• Loan applications: Many dealerships offer interested buyers the opportunity to apply for a loan online. They can fill out an application that includes their contact information, vehicle request information and social security number. Consumers should make sure the website is secured by looking for an encryption lock icon.
  • Online shopping: Auto dealerships typically have their new and used inventory online. Customers can search by make, model, body style, year and price range then look at multiple photos of each vehicle along with a list of features for each one. Interested buyers can chat live with a representative from the dealership and ask them any questions that come up while they are browsing.

The upsell

Most people expect to be taken advantage of at an auto dealership, but this does not need to happen. If you understand which options dealers are offering on top of the vehicle, you can decide whether they are trying to upsell, cross-sell, or give you a handy addition to your purchase.


An upsell is when a salesperson tries to sell you a “better version” of what you’d like to purchase. This could be the newest model or a different, more expensive model.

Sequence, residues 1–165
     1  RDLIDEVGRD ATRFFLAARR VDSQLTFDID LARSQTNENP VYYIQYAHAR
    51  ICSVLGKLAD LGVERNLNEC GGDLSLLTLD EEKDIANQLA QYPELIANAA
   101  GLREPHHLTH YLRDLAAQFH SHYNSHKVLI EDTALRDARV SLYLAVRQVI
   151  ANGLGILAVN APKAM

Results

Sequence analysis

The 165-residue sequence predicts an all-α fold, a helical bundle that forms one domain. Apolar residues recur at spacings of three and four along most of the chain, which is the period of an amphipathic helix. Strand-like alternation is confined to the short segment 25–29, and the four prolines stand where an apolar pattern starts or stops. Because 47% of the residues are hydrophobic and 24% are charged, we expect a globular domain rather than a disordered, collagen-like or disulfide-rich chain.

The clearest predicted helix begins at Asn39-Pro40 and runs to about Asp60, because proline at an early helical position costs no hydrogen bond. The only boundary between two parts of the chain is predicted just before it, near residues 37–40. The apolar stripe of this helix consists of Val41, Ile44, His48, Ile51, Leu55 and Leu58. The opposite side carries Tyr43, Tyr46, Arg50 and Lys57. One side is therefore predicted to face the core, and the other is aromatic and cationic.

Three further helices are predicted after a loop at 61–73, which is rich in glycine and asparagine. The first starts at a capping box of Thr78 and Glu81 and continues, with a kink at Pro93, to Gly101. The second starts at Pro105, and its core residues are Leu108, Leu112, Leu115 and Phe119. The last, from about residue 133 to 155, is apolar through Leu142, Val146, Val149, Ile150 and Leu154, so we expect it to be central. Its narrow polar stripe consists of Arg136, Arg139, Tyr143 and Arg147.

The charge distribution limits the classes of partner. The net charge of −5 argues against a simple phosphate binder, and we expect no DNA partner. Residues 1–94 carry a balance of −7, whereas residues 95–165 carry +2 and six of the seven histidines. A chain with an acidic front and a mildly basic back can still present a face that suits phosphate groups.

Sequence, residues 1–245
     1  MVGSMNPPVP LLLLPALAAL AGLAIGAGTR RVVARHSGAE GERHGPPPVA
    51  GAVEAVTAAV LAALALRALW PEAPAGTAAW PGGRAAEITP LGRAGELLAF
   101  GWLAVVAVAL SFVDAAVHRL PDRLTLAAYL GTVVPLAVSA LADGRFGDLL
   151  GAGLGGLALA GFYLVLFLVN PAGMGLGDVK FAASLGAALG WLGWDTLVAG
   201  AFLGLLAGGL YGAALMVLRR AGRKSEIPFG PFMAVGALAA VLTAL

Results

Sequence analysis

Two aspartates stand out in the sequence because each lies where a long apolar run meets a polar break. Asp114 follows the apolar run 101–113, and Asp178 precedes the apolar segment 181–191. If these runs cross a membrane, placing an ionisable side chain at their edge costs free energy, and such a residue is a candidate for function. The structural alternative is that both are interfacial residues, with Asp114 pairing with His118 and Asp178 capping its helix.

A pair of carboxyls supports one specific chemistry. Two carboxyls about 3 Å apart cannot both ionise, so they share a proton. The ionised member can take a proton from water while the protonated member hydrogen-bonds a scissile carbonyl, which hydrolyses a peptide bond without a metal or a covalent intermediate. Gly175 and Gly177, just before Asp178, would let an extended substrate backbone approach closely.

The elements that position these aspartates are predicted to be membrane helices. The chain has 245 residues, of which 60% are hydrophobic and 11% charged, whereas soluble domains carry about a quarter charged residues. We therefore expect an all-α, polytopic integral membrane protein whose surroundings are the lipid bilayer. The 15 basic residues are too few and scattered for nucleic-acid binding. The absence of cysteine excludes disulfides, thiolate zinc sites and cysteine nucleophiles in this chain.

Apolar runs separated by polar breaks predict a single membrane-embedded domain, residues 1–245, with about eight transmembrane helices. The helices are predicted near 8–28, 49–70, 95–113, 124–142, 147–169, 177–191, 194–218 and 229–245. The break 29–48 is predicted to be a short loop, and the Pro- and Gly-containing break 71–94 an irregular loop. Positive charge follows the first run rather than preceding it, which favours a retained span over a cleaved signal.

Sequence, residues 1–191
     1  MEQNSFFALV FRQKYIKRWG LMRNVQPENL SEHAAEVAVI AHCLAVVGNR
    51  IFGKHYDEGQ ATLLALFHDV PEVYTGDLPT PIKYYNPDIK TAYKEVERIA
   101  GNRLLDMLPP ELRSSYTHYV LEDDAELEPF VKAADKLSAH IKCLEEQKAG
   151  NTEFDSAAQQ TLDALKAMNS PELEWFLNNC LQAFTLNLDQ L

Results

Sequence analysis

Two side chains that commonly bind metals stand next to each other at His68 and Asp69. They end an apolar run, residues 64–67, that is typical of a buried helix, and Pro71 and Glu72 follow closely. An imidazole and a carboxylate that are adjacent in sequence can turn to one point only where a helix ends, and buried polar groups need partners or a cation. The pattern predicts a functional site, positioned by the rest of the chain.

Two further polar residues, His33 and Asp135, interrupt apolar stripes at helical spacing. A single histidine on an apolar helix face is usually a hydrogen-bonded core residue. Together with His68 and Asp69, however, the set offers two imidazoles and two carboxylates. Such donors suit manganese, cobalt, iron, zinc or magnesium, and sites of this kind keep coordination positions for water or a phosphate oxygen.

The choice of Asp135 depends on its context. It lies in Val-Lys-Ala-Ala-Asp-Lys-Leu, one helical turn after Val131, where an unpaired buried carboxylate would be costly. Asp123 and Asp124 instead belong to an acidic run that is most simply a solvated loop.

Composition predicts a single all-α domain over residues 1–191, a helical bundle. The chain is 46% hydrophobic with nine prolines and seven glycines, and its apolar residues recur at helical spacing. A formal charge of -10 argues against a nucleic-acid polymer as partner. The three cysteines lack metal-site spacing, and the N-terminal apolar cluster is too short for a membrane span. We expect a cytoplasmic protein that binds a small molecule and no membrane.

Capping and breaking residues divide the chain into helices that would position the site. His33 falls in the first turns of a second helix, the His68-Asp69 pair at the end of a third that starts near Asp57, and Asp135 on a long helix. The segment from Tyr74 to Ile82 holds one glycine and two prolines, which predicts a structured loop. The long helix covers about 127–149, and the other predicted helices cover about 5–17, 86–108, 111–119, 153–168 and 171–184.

• Upgraded model: If you enter a dealership looking for a specific car but the dealer continues to push you into purchasing something more expensive but maybe a little faster or have a little more leather, the dealer is trying to get you to buy an upgraded model that isn't necessary. Remember, if you don’t want a “GT” or “Limited Edition” version of what you’re looking for, you don’t need to buy it.
  • Add-ons: Other than all the standard safety features found on every car sold in the US, most cars today have the essentials you need — like AC and a Radio — so anything beyond that will be an upsell. If you would like that upgraded sound system, go ahead and ask the dealer for more information; otherwise, you can go without the extra cost.


A cross-sell is when a salesperson is trying to sell something that adds on to your current purchase, like a nozzle for a new garden hose.

  • Undercoating: Unless you live near the ocean or in an area where the ground is salted during winter, undercoating is clearly a cross-sell. Basically, this is a treatment to protect your car from rust that really only happens in those two locations, so do your research before signing off on the undercoat.
  • Tire and wheel protection: As it states, this is a limited warranty for your tires and wheels. Before looking into this, see if your existing car warranty covers wheels and if the tires themselves come with a maintenance plan.
  • Key protection: This is designed to cover the cost of a replacement key if yours is lost or stolen. Sometimes this can come in handy as some keys can be pretty expensive, but double-check the price of a key replacement versus purchasing a new key as the plan could be a waste of money.